The 2017 Tax Season is here, which means that tax-related scams are now in play. Taxpayers are at risk of being victimized by clever fraudsters.
The IRS reported an approximate 400% surge in scam phishing and malware incidents in the 2016 tax season. It is vitally important to be aware of the dangers of tax-related scammers.
A scammer may initiate contact with a taxpayer by telephone, email, text messages or social media channels to request personal or financial information. The IRS
does not initiate contact in that manner: official IRS bills and other communication are sent by U.S. mail.
Among the most dangerous tax-related scams:
Bogus IRS-Impersonation Telephone Scams
Callers are claiming to be employees of the IRS, but are not. These con artists can sound convincing when they call. They use fake names and bogus IRS identification badge numbers. They may know a lot about the taxpayer who is targeted. They may alter the caller ID to make it look like the IRS is calling.
Victims are told by the bogus callers that they owe money to the IRS and it must be paid promptly, often through a pre-loaded debit card or wire transfer. A victim that refuses to cooperate is threatened with arrest, deportation or suspension of a business or driver's license. In many cases, the caller becomes hostile and insulting.
This is not a legitimate contact from the IRS.
If you receive such a call, inform the caller that you will call back on an officially-designated IRS contact number and hang up.
In cases like this, the IRS suggests:
- If you know you owe taxes or you think you might, call the IRS at 1-800-829-1040. The IRS employees at that line can help you with a payment issue - if there really is such an issue.
- If you know you don't owe taxes or have no reason to think that you owe any taxes (for example, you've never received a bill or the caller made some bogus threats as described above), then call and report the incident to the Treasury Inspector General for Tax Administration at 1-800-366-4484.
- At that number, you can file a complaint using the FTC Complaint Assistant; choose "Other" and then "Imposter Scams." If the complaint involves someone impersonating the IRS, include the words "IRS Telephone Scam" in the notes.
Unsolicited phone callers might tell taxpayer victims that they have a refund due. This is to try to trick them into sharing private information that can be used to steal the taxpayer's identity. The scammer may offer to expedite the taxpayer's refund.
Again, should you receive such a phone call, hang up and contact the IRS directly, to answer any questions about a potential refund: 1-800-829-1040.
Email Phishing Scams
Scam emails are designed to trick taxpayers into thinking these are official communications from the IRS or others in the tax industry, including tax software companies. These phishing schemes can ask taxpayers about a wide range of topics: emails can seek information related to refunds, filing status, confirming personal information, ordering transcripts and verifying PIN information.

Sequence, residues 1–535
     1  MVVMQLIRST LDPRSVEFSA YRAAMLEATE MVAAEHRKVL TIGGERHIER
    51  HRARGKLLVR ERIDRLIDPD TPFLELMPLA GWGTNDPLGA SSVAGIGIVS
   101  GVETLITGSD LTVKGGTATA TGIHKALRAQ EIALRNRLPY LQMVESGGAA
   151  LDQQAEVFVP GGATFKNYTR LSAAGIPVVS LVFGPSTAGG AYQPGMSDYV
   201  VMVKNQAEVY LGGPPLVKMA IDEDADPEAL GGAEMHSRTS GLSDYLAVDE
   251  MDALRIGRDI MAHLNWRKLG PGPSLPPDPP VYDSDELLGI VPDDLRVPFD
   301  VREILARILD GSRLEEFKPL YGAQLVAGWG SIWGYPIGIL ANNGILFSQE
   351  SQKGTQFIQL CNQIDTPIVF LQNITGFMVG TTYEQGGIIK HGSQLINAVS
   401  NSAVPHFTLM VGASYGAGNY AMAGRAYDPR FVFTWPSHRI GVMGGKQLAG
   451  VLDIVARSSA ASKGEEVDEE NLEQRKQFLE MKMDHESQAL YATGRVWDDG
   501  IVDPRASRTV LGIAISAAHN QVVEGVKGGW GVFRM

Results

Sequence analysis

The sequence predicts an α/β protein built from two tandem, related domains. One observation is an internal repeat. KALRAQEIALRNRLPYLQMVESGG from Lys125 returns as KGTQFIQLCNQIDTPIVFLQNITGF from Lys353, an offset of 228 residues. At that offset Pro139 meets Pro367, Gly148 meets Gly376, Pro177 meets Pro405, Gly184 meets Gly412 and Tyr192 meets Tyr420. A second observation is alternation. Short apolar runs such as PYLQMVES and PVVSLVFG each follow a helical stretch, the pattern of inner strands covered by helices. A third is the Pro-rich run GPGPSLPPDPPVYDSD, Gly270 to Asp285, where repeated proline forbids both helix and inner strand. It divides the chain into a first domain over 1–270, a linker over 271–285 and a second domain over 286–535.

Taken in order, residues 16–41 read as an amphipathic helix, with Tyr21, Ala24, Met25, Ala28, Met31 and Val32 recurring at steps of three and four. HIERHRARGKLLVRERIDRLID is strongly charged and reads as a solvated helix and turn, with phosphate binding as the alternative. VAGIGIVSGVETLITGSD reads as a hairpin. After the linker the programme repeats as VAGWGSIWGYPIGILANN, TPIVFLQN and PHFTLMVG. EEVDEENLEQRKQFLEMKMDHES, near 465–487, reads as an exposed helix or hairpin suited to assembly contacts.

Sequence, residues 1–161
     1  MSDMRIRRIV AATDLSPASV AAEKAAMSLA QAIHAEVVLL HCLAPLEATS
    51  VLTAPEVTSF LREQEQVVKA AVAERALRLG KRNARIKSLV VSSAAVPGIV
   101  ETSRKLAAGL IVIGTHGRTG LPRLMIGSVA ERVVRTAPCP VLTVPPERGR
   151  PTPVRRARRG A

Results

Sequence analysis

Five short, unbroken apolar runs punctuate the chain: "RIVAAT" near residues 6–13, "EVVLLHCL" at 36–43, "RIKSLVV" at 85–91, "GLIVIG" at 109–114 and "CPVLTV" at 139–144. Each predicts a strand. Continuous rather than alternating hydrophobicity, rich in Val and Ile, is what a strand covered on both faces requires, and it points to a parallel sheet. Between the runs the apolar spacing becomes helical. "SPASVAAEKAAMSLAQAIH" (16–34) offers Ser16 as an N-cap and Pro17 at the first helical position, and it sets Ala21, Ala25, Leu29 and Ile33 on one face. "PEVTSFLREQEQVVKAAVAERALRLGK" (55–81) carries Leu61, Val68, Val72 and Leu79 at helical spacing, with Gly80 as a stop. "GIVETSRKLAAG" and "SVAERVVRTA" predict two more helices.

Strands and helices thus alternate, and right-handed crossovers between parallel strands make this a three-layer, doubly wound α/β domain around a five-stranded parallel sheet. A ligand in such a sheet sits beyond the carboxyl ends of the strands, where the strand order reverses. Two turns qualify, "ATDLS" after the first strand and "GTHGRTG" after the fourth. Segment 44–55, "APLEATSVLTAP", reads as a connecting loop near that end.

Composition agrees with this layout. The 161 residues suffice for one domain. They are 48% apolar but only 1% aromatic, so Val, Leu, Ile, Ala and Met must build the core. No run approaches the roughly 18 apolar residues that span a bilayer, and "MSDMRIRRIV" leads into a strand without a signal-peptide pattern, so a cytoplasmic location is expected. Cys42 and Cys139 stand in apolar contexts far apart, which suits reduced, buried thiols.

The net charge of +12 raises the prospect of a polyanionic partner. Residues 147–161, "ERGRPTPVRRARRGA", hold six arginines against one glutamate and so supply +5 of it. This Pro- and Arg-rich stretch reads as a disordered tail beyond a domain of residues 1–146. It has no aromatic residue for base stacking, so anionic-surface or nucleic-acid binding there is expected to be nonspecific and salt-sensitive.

When taxpayers click on these email links, they are taken to sites designed to imitate an official-looking website, such as IRS.gov. The sites ask for Social Security numbers and other personal information, which could be used to help file false tax returns. The sites also may carry malware, which can infect people's computers and allow criminals to access your files or track your keystrokes to gain information.
What do you do if you get these messages? Do not respond to the email or click on the links. Instead, forward the scam emails to the IRS at
Taxpayer Advocacy Panel
The Taxpayer Advocacy Panel (TAP) is a legitimate volunteer board that advises the IRS on systemic issues affecting taxpayers. However, taxpayers are receiving bogus emails that appear to be from TAP about a tax refund.
These emails are a phishing scam, where unsolicited emails which seem to come from legitimate organizations - but are really from scammers - try to trick unsuspecting victims into providing personal and financial information. Do not respond or click the links in them.
If you receive an email that appears to be from TAP regarding your personal tax information, please forward it to
and note that it seems to be a scam email phishing for your information.
Remember, the IRS will never:
- Call to demand immediate payment using a specific payment method such as a prepaid debit card, gift card or wire transfer. Generally, the IRS will first mail you a bill if you owe any taxes.
- Threaten to immediately bring in local police or other law-enforcement groups to have you arrested for not paying.
- Demand that you pay taxes without giving you the opportunity to question or appeal the amount they say you owe.
- Ask for credit or debit card numbers over the phone.
- Threaten you over the phone with lawsuits, imprisonment or other enforcement action. Such rare steps are only taken after appropriate documentation has been sent to the taxpayer via the US mail.